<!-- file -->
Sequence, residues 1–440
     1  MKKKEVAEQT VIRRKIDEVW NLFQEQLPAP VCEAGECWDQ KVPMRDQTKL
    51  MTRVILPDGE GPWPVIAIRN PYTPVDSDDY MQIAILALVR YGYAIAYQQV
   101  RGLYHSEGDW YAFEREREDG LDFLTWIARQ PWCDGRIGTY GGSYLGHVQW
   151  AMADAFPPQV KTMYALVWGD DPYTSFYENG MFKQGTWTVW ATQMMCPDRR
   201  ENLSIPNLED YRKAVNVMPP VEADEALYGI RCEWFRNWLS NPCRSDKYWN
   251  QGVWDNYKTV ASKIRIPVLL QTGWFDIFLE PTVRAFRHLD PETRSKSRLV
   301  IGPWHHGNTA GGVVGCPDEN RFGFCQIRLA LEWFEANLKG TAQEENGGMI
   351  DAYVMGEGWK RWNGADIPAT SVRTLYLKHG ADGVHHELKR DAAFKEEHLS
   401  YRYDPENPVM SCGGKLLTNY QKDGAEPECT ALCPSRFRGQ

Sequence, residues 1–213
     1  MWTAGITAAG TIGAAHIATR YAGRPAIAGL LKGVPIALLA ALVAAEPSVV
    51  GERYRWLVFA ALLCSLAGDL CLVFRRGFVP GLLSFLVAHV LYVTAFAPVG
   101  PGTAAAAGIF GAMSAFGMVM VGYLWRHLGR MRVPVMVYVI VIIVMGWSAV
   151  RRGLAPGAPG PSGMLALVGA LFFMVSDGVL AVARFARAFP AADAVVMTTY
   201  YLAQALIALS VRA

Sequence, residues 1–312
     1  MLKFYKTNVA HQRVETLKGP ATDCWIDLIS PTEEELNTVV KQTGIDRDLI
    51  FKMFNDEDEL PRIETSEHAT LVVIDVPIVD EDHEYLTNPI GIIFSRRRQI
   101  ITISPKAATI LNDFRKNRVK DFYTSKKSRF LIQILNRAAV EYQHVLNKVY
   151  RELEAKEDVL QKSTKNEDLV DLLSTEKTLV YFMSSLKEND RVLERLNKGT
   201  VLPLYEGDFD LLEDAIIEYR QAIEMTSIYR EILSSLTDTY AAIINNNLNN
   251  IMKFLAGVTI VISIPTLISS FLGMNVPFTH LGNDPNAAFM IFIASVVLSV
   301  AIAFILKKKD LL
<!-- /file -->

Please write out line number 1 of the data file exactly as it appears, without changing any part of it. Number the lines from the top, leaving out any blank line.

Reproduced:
Sequence, residues 1–440